Nine percent of Burbank Unified ninth-graders have carried a weapon to school, 5% of seventh-graders have smoked marijuana at least once, and 18% of 11th-graders have been drunk or high on campus, according to the recent California Healthy Kids Survey.
Funded by the California Department of Education, the biennial survey is designed to gauge the health of a school site by assessing health-risk behaviors that hinder academic success.
Self-reported data include grades, truancy, substance abuse, crime-related behavior and perceived safety at school. Students are also questioned about supportive social structures, such as the presence of caring adult relationships in their lives.
The most recent survey was conducted during the 2009-10 school year and released last month. It includes responses from 3,375 fifth-, seventh-, ninth- and 11th-graders within Burbank Unified School District.
Fourteen percent of Burbank seventh-graders and 18% of ninth-graders said they had used inhalants, which was higher than the 11% and 14% statewide averages.
But alcohol and drug use among Burbank Unified students is comparable to or below state and national averages in nearly all other categories, according to the survey.
For example, 17% of seventh-graders, 42% of ninth-graders and 63% of 11th-graders reported that they had consumed a glass of alcohol at least once — below the 24%, 47% and 66% reported in the statewide averages for the same categories, respectively.
Twenty-seven percent of Burbank Unified seventh-graders, 23% of ninth-graders and 19% of 11th-graders reported having been in a physical fight. State averages were 32%, 25% and 19%, respectively.
“I realize that we are below state and national averages, but to be very honest, I am not satisfied with that,” said Tom Steele, director of student services for the district. “That is something we continue to work on.”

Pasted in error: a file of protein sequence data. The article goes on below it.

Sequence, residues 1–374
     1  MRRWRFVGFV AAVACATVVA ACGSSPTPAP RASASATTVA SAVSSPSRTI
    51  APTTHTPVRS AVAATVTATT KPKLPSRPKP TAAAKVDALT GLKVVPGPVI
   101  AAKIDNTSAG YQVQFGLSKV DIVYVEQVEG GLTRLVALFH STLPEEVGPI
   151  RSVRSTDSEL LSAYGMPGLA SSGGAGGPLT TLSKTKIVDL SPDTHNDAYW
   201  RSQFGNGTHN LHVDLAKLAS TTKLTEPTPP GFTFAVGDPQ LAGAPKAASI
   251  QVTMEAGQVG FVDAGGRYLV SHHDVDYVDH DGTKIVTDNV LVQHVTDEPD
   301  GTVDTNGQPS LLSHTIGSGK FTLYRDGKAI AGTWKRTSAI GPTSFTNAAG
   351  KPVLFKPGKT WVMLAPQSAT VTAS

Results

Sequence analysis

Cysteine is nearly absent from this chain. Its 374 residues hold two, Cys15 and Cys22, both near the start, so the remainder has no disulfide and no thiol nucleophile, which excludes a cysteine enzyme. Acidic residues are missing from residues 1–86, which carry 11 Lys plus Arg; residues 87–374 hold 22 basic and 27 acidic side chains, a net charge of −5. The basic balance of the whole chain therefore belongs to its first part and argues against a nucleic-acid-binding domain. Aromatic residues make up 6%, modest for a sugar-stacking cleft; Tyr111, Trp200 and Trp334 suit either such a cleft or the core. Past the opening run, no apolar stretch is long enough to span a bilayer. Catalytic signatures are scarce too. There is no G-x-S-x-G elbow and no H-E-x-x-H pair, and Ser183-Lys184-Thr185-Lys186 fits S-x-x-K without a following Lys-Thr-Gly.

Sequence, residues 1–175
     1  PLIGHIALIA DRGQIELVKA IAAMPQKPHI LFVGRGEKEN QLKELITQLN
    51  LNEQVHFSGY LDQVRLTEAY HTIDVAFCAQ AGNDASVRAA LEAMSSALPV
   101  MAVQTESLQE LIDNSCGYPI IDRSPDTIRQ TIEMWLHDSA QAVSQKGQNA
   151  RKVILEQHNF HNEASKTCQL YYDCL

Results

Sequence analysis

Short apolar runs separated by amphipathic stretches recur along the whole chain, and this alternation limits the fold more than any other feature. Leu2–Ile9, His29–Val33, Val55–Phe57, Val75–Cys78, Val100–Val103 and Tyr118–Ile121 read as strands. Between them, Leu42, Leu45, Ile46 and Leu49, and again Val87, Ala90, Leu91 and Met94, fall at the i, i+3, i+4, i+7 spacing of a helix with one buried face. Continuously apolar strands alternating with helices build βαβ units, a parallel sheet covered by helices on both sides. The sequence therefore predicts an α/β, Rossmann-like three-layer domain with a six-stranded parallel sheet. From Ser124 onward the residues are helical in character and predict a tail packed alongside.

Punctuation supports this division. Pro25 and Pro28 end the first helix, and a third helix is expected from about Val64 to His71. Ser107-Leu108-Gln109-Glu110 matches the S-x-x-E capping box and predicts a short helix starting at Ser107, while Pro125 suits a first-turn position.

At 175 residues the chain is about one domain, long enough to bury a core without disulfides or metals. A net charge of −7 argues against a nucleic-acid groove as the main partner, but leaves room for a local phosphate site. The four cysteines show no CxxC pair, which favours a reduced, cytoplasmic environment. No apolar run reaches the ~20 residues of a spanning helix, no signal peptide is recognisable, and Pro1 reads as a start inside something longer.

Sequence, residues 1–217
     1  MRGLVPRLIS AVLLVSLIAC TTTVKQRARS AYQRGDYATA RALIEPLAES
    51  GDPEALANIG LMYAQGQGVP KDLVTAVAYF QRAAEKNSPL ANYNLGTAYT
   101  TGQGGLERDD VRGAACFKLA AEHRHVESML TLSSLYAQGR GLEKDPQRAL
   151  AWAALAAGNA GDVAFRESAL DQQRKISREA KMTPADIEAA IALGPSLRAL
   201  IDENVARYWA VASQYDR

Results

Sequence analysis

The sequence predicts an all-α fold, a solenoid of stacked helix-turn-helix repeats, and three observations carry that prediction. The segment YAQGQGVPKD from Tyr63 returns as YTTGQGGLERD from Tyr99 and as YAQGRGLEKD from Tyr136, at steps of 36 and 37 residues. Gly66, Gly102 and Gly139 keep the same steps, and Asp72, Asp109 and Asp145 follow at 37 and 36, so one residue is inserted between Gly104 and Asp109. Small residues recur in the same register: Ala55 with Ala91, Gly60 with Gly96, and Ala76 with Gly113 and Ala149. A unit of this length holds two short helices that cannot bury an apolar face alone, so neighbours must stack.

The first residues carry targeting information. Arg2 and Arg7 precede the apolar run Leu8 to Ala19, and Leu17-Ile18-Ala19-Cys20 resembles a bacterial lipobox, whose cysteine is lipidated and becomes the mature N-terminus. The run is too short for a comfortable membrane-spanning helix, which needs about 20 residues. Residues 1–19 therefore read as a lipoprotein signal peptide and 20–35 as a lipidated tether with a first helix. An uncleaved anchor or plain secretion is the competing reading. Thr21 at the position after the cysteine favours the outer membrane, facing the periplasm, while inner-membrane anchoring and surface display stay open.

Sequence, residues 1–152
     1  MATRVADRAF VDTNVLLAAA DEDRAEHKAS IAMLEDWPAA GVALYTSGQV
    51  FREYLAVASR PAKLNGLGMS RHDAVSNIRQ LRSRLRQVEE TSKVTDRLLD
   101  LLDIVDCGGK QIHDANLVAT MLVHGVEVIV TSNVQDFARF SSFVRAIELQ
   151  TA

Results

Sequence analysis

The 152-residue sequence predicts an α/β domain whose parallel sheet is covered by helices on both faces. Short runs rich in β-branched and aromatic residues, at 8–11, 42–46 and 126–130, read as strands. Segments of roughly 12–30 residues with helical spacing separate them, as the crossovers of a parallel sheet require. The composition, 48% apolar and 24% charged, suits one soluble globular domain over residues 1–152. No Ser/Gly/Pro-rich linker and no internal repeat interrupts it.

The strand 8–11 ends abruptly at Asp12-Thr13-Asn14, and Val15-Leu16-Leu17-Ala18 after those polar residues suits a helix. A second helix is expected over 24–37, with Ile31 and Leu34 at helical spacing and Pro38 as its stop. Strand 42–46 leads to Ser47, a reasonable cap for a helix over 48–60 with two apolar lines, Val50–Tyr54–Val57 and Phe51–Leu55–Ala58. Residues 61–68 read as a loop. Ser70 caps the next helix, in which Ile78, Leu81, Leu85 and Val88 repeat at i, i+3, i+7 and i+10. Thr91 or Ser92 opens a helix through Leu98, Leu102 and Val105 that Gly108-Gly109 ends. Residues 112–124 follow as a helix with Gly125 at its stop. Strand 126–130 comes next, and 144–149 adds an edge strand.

Twenty-four percent of Burbank Unified ninth-graders and 34% of 11th-graders reported smoking marijuana at least once. Nationally, those numbers were 25% and 42%, respectively.
“I think our district and probably most districts have seen an increase in drug use with the medical marijuana being approved,” Steele said. “It has been a pretty dramatic increase. The reason is marijuana is so much more accessible now because anyone can get a prescription for anything. If you have a hangnail you can get a prescription for medical marijuana.”
The data compiled as part of the California Healthy Kids Survey is taken very seriously by district officials, Steele said, and is cross referenced with disciplinary statistics on a site-by-site basis.
He meets regularly with assistant principals for discipline at each of the middle and high schools to address specific issues, Steele said, and the results of the survey helps direct their work.
The district recently reintroduced random drug searches using drug sniffing dogs, Steele said. The searches had an immediate impact. On the second visit, the number of hits dropped by about 50%, he said.
“Am I happy about [the numbers]?” Steele said. “No, I am not. I think we can do better. I think this next year’s report is going to be better than this year’s report.”